The New Zealand dollar was little changed near 73 US cents after the minutes of the Federal Reserve's last policy review showed little appetite for a rate hike in the near-term.
The kiwi traded at 72.91 US cents at 8am in Wellington from 72.88 cents yesterday. The trade-weighted index was almost unchanged at 76.83 from 76.80.
The dollar index, a measure of the greenback against a basket of currencies, extended its decline to a near two-month low as investors appear reluctant to price in an increase in US interest rates.
The prospect of lower rates for longer helped push up stocks on Wall Street and in Europe and underpinned gains in commodity prices. That appetite for risk-sensitive assets and New Zealand's already wide interest rate differential is supporting demand for the kiwi.
"With the Fed in no apparent hurry to lift rates, or should we say not providing enough of a hat tip to the hawks (though data contingent of course), the lack of any inflationary smoking gun is the green light for a continuation of the carry trade," ANZ Bank New Zealand chief economist Cameron Bagrie said in a note, referring to the practice where investors borrow cheap money to buy higher-yielding assets.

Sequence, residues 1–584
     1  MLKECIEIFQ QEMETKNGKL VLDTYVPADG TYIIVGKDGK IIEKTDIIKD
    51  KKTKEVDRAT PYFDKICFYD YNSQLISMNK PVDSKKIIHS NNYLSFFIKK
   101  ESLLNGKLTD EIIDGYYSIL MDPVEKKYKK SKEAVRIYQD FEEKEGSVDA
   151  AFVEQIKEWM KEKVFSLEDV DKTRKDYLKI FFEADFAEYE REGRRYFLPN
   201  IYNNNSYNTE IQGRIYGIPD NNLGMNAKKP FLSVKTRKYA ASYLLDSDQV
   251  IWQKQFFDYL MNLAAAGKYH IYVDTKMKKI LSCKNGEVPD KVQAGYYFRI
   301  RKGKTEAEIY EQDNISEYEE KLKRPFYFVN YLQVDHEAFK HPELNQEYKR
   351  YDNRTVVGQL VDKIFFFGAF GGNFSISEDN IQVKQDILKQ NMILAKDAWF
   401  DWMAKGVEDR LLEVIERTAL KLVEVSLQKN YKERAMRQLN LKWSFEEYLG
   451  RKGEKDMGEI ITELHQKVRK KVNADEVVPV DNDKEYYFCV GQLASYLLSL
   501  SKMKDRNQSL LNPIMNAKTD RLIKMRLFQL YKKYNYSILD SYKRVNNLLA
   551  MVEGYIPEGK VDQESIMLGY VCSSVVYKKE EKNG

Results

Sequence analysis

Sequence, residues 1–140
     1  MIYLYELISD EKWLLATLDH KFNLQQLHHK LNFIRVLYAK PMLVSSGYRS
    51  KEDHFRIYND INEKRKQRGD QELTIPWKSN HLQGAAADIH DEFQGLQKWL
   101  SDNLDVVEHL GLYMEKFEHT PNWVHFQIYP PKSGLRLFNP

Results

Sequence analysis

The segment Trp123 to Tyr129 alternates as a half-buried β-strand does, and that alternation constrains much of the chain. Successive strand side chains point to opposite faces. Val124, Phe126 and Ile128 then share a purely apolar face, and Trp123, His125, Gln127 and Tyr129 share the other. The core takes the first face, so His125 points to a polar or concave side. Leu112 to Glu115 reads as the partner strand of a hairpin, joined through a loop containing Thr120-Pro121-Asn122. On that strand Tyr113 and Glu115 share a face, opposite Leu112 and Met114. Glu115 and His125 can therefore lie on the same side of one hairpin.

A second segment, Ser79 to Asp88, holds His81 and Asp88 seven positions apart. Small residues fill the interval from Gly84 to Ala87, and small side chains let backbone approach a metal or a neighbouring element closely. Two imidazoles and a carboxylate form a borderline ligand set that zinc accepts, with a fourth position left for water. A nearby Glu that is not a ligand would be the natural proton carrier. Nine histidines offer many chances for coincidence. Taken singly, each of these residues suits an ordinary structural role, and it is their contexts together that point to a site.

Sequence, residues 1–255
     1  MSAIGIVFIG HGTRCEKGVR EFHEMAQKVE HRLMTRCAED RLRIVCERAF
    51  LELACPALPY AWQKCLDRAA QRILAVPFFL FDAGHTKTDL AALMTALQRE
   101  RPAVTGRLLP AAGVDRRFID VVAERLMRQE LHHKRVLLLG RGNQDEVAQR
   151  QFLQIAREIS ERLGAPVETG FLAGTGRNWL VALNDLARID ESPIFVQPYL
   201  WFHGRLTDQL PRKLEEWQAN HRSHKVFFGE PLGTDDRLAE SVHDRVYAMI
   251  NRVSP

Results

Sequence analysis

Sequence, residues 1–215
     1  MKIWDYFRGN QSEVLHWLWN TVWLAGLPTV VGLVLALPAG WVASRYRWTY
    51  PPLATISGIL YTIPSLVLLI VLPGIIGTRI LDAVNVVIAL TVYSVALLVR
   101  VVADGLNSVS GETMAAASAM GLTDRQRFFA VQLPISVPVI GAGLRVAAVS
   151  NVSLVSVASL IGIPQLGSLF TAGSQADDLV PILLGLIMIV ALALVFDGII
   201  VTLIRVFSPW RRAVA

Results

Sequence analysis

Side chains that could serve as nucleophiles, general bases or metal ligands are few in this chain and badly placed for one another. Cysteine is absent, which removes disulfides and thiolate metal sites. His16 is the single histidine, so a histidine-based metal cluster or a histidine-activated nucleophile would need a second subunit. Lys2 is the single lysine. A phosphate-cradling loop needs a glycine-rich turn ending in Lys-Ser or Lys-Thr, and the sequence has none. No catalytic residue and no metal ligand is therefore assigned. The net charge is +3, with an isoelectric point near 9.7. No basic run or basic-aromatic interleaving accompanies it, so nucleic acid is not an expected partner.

"So it's little surprise to see the NZD trading well, bonds supported and the USD struggle."
Traders will be watching the central bankers' symposium at Jackson Hole, Wyoming next week where the topic is 'Designing Resilient Monetary Policy Frameworks for the Future'.
It's little surprise to see the NZD trading well, bonds supported and the USD struggle.
Central banks have been grappling with the lack of inflation, despite the flood of cheap money available through an extended period of quantitative easing and near-zero rate monetary policies.
The local currency increased to 72.98 Australian cents from 72.92 cents yesterday and rose to 4.8311 Chinese yuan from 4.8242 yuan. It fell to 64.14 euro cents from 64.40 cents yesterday and declined to 55.36 British pence from 55.78 pence. The kiwi edged down to 72.78 yen from 72.92 yen yesterday.